Significant weight loss in nursing home residents was an unintended consequence of COVID-19-related restrictions this past spring, according to a new study.
Investigators analyzed weight data from residents in a 240-bed suburban Chicago facility from December 2019 through April 2020. The operator ceased all nonessential visits and replaced group meals with in-room delivery beginning in March, following guidelines from the Center for Medicare & Medicaid Services and state health officials.
From February to April, two-thirds (67%) of residents lost weight, and nearly a quarter lost more than 5% of their body weight, reported Margaret K. Danilovich, Ph.D., from Northwestern University’s Feinberg School of Medicine.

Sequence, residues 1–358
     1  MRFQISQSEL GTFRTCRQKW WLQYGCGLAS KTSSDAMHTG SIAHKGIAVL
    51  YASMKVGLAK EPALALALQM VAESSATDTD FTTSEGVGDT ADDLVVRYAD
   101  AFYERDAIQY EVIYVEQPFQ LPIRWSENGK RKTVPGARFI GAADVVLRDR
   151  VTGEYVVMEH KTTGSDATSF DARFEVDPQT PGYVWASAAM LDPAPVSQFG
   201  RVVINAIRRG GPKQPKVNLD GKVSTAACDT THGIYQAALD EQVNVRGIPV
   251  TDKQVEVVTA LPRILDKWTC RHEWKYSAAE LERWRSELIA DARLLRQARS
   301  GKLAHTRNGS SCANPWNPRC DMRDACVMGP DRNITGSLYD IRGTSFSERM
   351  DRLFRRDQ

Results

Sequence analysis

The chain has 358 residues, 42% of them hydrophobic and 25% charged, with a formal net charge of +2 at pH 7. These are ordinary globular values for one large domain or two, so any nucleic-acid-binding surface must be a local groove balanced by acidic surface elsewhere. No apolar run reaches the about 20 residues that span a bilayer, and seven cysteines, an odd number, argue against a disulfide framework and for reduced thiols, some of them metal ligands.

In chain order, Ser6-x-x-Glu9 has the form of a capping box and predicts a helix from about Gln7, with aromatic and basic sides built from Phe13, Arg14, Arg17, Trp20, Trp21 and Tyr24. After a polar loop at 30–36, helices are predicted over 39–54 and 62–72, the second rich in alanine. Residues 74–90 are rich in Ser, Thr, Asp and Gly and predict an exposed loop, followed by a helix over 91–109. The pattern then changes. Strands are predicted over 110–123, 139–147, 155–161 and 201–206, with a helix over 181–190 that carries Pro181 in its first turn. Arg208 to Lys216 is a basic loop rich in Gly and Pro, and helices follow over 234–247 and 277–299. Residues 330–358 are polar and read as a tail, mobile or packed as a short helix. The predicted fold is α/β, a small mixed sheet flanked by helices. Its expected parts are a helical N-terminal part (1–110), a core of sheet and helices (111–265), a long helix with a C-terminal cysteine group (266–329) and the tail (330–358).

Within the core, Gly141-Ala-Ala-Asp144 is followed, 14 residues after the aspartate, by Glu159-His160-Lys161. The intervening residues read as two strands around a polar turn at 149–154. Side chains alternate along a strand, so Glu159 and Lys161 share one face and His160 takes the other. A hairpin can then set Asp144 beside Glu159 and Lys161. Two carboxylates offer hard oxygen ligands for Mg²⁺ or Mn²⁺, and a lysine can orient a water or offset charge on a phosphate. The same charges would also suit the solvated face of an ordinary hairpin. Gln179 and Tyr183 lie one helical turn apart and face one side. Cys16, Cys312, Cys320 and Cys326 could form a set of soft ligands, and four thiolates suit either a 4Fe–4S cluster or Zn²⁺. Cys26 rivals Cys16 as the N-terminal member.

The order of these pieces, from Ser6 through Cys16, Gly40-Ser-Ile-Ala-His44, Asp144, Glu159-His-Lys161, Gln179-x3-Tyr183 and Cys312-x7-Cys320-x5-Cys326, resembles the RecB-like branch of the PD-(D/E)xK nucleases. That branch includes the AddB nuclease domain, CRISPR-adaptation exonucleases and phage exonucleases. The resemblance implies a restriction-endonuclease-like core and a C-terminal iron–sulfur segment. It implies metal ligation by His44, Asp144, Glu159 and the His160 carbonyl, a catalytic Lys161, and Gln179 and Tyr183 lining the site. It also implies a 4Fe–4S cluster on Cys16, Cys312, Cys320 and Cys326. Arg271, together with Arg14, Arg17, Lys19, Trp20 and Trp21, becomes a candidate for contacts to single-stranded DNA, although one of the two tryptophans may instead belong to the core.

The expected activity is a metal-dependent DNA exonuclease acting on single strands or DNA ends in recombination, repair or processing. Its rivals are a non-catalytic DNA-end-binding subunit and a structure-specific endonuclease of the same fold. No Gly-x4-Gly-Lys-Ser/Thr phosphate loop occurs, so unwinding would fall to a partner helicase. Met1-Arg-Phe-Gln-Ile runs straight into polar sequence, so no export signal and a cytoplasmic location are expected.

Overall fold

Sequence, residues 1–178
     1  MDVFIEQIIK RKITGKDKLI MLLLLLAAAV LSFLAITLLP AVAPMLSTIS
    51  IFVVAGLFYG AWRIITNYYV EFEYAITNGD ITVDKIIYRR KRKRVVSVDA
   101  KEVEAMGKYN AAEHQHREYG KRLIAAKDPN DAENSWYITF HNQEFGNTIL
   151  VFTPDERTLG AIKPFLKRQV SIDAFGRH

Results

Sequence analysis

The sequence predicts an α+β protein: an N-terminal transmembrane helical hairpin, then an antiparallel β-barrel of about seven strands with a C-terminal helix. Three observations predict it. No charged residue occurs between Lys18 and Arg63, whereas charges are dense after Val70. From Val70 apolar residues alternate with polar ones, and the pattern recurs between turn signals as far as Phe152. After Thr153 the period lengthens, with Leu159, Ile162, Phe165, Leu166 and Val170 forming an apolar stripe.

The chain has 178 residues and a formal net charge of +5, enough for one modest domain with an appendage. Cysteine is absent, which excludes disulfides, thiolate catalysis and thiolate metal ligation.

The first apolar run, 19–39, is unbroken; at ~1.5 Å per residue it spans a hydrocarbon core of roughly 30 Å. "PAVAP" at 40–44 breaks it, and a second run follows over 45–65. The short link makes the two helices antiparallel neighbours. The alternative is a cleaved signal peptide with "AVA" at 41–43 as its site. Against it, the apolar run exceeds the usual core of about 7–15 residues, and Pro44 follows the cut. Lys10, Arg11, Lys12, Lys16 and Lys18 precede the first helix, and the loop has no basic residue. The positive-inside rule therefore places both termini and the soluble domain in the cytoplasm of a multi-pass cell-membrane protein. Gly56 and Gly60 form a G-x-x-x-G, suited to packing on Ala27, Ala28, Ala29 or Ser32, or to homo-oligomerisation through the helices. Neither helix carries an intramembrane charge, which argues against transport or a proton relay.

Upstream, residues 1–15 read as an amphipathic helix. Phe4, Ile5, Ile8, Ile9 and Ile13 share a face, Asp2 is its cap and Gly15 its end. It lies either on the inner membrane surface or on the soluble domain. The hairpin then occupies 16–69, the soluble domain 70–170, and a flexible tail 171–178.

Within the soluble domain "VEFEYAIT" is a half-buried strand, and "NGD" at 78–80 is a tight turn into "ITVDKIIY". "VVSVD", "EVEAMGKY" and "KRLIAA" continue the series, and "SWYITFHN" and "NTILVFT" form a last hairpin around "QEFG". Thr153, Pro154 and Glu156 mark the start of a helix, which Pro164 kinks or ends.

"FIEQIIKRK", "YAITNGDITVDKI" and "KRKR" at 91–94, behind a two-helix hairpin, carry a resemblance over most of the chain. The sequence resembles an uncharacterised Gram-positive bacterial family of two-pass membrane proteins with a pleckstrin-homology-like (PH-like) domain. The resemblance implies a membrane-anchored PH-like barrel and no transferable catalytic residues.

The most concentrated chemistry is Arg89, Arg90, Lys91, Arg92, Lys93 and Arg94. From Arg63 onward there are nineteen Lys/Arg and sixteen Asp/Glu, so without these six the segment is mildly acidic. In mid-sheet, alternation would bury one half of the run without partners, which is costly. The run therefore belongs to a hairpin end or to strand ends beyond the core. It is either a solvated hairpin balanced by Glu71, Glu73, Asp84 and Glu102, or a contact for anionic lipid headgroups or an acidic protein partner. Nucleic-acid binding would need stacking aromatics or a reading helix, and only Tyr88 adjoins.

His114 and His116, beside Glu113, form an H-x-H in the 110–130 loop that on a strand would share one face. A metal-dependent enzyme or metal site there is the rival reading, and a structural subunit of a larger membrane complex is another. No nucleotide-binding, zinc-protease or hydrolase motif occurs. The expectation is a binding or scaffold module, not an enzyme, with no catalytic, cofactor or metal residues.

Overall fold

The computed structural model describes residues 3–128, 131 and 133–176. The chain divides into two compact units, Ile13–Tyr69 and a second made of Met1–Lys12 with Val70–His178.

Several disruptions may have had an effect on residents’ food intake, researchers said. For example, residents requiring assistance ate with a nursing assistant at staggered times. Also, uneven intervals between meals resulted in reduced appetite and consumption. In addition, group activities ceased, and residents were encouraged to stay in their rooms. These changes reduced social interactions, which are known to support meal consumption. Finally, family visits ceased, so residents did not receive outside food.
A peer-reviewed article has been published as a pre-proof in JAMDA.